How Does Make Log File Output Relate?
In the previous section, a complete build (for example, where runme, foo.o, and bar.o were missing before typing make) produces no output. That's because all the commands in the Makefile were prefixed by @, which prevents GNU Make from echoing them.
GNU Make's -n option provides a way to echo all the commands without executing them. This is handy for dry runs of the Makefile. The output from make -n on the example Makefile is:
g++ -c -o foo.o foo.c g++ -c -o bar.o bar.c cc foo.o bar.o -o runme
In this example, it's relatively easy to relate these lines to specific rules in the Makefile; however, it can be hard on large, real-world Makefiles. And since -n doesn't actually run these commands, it's no help when trying to figure out why a rule failed to execute correctly.
One solution is to replace every @ with $(AT). Setting AT to @ in the Makefile makes it behave as before. Setting AT to blank means that commands are echoed. For example, the Makefile can be modified to use $(AT) instead of @:
.PHONY: all all: runme runme: foo.o bar.o $(AT)$(LINK.o) $^ -o [email protected] foo.o: foo.c bar.o: bar.c %.o: %.c $(AT)$(COMPILE.C) -o [email protected] $< AT := @
This behaves exactly as before, except that it's possible to override the definition of AT on the command line, causing GNU Make to print the commands it is executing. Running make AT= effectively strips the @ from each command and produces the same output as make -n, except that the commands are actually run.
Of course, modifying every command in a Makefile might not be realistic.
The SHELL hack can be modified to cause GNU Make to output command information. Almost all shells have an -x option that causes them to echo the commands that they are about to execute. By modifying SHELL to include -x (and a $(warning...)) that outputs the location of the rule in the Makefile) and wrapping the modification in an ifdef, you can enable/disable detailed debugging information as needed. Here's the SHELL hack for command dumping:
ifdef DUMP OLD_SHELL := $(SHELL) SHELL = $(warning [[email protected]])$(OLD_SHELL) -x endif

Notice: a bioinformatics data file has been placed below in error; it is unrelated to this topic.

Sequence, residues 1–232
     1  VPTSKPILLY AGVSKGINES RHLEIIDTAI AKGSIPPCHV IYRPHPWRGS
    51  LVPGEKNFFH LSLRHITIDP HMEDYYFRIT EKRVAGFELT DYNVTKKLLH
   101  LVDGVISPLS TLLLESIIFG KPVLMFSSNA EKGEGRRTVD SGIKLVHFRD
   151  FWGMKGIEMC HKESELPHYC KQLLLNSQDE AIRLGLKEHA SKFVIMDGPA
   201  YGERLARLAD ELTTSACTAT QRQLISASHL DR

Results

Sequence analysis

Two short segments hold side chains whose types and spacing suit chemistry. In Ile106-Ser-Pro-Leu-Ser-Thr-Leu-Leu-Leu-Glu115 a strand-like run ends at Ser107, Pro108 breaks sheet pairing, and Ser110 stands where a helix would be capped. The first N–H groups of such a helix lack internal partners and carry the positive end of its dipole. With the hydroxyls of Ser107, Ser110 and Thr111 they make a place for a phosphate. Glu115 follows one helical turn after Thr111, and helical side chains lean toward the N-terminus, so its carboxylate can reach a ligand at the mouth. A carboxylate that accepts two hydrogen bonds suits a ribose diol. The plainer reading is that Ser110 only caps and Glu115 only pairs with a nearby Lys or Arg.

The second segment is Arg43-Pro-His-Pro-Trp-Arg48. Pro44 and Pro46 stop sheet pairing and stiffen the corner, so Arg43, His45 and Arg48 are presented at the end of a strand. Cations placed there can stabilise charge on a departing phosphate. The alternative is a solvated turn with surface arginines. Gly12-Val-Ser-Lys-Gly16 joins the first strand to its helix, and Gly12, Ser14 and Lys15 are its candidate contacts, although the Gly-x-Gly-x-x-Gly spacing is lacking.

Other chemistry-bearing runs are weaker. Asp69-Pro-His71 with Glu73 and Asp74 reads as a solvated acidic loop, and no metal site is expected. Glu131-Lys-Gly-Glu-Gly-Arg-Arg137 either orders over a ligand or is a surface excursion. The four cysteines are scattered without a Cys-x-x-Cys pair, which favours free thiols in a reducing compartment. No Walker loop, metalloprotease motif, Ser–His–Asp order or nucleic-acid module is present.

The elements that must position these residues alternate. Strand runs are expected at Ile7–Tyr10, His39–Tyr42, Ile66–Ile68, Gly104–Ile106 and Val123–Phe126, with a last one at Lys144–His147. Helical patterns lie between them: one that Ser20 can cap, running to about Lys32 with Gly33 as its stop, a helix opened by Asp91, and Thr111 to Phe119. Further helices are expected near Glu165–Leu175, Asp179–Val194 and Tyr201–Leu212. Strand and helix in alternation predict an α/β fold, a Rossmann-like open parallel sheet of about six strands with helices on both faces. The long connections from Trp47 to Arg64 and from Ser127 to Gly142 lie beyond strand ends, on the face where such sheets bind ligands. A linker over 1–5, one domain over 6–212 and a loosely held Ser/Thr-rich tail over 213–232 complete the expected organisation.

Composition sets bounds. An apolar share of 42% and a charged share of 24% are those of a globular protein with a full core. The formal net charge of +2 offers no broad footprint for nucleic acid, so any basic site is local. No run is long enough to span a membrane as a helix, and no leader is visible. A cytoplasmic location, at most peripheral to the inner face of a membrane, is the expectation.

If DUMP is defined then SHELL is modified to add the -x option and output the name of the target being built. If foo.o, bar.o, and runme are missing, typing make DUMP=1 produces this output using the SHELL hack:
Makefile:11: [foo.o] + g++ -c -o foo.o foo.c Makefile:11: [bar.o] + g++ -c -o bar.o bar.c Makefile:5: [runme] + cc foo.o bar.o -o runme
Each file being built is in square brackets with the name of the Makefile and the location where the rule to build that file can be found. The shell outputs the exact command to be used to build that file (prepended by +).
In just four lines of GNU Make code, you can turn an empty log file into one with complete file, line number, and command information. This is useful when debugging a failing rule. Just rerun the Makefile with DUMP=1 to find out what was being built and where it was in the Makefile. The only disadvantage to the SHELL hack is that it slows GNU Make. That's because GNU Make tries to avoid using the shell if it can; for example, if GNU Make is doing a simple g++ invocation, then it can avoid the shell and execute the command directly. If SHELL is modified in a Makefile, GNU Make disables this optimization.
If these ideas whet your appetite for better GNU Make debugging, look at the GNU Make Debugger project (http://gmd.sf.net). GMD is an interactive debugger for GNU Make written entirely using GNU Make functions that provides breakpoints and the ability to examine the value and definition of any macro at runtime.
And if you do something really cool building on the SHELL hack, drop me a line. I'd love to hear about it.